However, the work of Nick that I came to know in greater depth was a series of algorithms he proposed to tackle a problem in finance. As he shared with us at a conference, at the beginning of the millennium, a fund manager presented him with a specific conundrum: how could one calculate the nearest correlation matrix from a given symmetric matrix? The correlation matrix, a critical component for financial analysis, is a data set that measures the interrelationship among different assets in a portfolio. For instance, the S&P 500’s matrix is a two-dimensional array of 500 x 500, where each row and column represent the interdependencies among the returns of the 500 largest companies in the United States. A row dedicated to a company like Microsoft would reflect its correlations with IBM, Apple, Tesla, and the other 496 companies that are also part of that stock index. The precision of this matrix is vital for predictions of risk and return in investment management.

Although theoretically the construction of this matrix should be rigorous, in practice, fund managers often adjust correlations arbitrarily, which can distort the mathematical properties required of a genuine correlation matrix. Modifying certain values alone, such as Microsoft’s correlations with certain companies, could yield technically unviable results. The task, therefore, was to find a numerical method that would maintain the integrity of the correlation matrix and at the same time reflect the desired reality as closely as possible.

Finance was not Nick’s specialty, but his mastery of numerical linear algebra made him the ideal candidate for this challenge. In 2002, he published a pioneering paper, “Computing the Nearest Correlation Matrix – A Problem from Finance,” which not only meticulously defined the problem but also offered an algorithm of alternating projections capable of converging to the ideal solution. This paper became one of the most referenced in his career, with over a thousand citations on Google Scholar. Nick continued to refine his research in this field over the following two decades, with publications that significantly expanded the scope of his work. But as often happens in the world of mathematics, what started as an application in finance spread to many other areas. His algorithms for finding the nearest correlation matrix are now used in fields as diverse as climate change, genetic engineering, structural engineering, and hydrology.

The last aspect of Nick’s work that I wish to highlight is the aesthetic one. His writings radiate a clarity, sharpness, and beauty that are seldom found in academic writing and are even rarer in the field of mathematics. Each sentence and equation are sculpted with diligence, as if Nick undertook a craftsperson’s quest to distill what is fundamentally significant, freeing the reader from the fog of confusion or superfluous embellishments, allowing them to grasp his ideas with ease. Such was his meticulous attention to detail that he was the author of the “SIAM Style Manual”, a guide for editors of the thousands of academic papers published each year by this society of mathematicians.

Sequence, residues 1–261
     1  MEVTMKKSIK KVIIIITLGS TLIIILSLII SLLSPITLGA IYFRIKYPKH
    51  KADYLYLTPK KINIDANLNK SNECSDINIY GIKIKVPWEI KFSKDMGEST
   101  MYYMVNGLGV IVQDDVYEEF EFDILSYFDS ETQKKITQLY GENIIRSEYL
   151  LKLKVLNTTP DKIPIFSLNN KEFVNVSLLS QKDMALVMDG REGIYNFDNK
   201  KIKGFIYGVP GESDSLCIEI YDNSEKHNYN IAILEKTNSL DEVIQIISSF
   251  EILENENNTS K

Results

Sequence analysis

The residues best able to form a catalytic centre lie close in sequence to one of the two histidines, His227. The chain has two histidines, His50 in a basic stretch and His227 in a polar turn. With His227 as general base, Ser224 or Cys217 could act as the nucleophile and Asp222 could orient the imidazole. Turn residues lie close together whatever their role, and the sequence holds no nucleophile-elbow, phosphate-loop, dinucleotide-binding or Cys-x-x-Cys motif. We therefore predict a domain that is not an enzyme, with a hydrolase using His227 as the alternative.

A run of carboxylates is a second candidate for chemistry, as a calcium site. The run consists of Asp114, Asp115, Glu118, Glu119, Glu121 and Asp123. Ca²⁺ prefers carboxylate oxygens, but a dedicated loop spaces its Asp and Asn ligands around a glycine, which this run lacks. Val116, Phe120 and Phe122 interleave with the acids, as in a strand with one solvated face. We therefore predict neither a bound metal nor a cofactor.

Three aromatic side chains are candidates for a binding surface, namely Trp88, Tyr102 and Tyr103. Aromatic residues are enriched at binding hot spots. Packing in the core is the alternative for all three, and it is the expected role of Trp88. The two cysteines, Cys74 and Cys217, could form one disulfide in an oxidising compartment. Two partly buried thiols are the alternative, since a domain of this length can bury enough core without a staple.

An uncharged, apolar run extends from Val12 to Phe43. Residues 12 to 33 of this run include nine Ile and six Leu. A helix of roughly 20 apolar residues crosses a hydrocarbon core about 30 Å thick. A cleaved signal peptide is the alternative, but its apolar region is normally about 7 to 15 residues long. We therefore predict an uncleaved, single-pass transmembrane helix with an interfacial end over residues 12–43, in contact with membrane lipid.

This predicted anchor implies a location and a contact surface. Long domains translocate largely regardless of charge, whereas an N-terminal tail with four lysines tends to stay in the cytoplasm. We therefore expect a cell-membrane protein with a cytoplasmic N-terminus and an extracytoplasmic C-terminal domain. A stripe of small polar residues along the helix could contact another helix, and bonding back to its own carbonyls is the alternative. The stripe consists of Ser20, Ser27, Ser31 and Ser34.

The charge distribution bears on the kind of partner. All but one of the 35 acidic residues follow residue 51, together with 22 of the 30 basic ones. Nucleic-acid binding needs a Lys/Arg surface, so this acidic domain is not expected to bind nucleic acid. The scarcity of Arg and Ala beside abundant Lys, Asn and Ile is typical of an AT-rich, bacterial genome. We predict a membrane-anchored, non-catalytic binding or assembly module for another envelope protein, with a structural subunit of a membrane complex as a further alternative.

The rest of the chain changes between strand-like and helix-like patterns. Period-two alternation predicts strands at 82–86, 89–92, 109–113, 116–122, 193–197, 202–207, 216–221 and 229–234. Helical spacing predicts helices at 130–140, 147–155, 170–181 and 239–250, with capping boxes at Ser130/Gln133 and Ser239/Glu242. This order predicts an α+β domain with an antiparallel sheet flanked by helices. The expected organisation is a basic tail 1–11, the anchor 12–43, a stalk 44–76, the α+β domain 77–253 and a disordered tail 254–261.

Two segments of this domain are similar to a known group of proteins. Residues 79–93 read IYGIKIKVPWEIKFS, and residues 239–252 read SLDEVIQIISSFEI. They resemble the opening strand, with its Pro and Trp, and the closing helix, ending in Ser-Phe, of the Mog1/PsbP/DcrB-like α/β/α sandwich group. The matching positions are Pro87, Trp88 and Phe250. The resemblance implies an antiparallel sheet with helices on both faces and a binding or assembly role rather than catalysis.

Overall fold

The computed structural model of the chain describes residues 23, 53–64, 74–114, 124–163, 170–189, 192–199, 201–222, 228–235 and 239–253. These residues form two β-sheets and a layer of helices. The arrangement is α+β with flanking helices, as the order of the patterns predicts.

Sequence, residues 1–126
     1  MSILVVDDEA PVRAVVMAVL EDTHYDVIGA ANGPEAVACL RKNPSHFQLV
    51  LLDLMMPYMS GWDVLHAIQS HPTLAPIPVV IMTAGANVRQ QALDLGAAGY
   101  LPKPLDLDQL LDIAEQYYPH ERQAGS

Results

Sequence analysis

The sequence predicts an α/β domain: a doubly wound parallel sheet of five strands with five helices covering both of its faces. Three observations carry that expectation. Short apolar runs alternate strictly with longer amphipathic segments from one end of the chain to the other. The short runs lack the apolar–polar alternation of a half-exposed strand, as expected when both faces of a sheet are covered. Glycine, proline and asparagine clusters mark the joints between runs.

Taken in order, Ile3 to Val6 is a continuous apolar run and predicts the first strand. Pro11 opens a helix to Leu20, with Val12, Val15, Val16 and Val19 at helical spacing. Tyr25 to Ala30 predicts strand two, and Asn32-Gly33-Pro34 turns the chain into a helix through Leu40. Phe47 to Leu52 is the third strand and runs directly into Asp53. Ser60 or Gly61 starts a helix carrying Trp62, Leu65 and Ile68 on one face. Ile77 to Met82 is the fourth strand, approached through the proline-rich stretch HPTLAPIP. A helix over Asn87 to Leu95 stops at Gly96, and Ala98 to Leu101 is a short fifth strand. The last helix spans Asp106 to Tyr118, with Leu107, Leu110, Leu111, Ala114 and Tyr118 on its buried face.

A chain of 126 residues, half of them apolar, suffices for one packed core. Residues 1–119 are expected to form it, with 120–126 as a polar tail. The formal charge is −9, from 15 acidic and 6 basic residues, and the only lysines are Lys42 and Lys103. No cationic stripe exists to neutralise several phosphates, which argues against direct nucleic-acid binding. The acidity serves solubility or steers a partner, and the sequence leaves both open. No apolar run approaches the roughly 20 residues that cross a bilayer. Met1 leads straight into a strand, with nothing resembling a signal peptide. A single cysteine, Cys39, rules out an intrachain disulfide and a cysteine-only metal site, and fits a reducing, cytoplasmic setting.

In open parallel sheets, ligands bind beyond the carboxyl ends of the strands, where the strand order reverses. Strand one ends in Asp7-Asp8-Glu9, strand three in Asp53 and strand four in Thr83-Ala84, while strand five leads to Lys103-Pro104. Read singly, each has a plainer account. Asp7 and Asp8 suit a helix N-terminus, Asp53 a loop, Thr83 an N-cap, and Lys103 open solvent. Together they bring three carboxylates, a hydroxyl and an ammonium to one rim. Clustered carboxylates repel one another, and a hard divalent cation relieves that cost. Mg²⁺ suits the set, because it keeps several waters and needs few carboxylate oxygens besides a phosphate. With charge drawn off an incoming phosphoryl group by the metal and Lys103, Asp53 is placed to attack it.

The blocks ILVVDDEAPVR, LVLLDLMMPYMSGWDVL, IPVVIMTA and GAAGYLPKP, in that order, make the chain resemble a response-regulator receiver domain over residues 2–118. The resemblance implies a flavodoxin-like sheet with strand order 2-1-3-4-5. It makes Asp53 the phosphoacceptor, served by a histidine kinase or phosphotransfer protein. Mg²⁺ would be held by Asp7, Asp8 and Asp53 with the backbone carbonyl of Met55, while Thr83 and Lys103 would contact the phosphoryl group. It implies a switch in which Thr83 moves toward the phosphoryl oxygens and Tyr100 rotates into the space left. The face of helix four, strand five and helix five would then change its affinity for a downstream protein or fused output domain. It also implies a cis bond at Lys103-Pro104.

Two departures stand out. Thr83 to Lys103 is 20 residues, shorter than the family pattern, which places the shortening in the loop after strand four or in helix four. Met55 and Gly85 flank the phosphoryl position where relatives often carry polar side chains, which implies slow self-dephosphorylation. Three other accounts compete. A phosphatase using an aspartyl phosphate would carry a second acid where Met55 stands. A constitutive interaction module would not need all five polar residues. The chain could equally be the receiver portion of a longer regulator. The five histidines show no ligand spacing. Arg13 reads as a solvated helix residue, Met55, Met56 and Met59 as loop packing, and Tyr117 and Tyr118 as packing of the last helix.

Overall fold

That same care he applied to his talks, which were always fascinating and enlightening, no matter how complex the material. Or even how mundane: I once attended a lecture he gave to postgraduate students on the topic of “The Transition from University to Work”. What would typically be a routine vocational presentation became, in his hands, a detailed, entertaining, and tremendously practical exposition on how to advance in a research career.

Nick Higham’s work is extensive and profound, and his legacy impacts multiple disciplines. These days I have revisited his books and articles, and I marvel at the magnitude of what a brilliant mind like his could achieve over four decades of a career. His personal page at the University of Manchester is a treasure trove of his labor, with broad access to his works, presentations, and computer codes, all pristinely organized. As I navigated it, I realized that Nick had been writing a superb blog for a decade, touching on fascinating mathematical topics. I lost myself for hours in an endless stream of his entries, reading them from back to front. When I finally arrived at the very first one he wrote, on January 1, 2013, I couldn’t help but smile: it was a short review inviting readers to a book written by my doctoral supervisor, for which I proudly served as a proofreader.

Nick Higham was a true champion of algorithms and numerical analysis. Though he left us prematurely, his work remains as a celebration of his life and an inspiration for future generations of mathematicians seeking to expand the horizons of knowledge.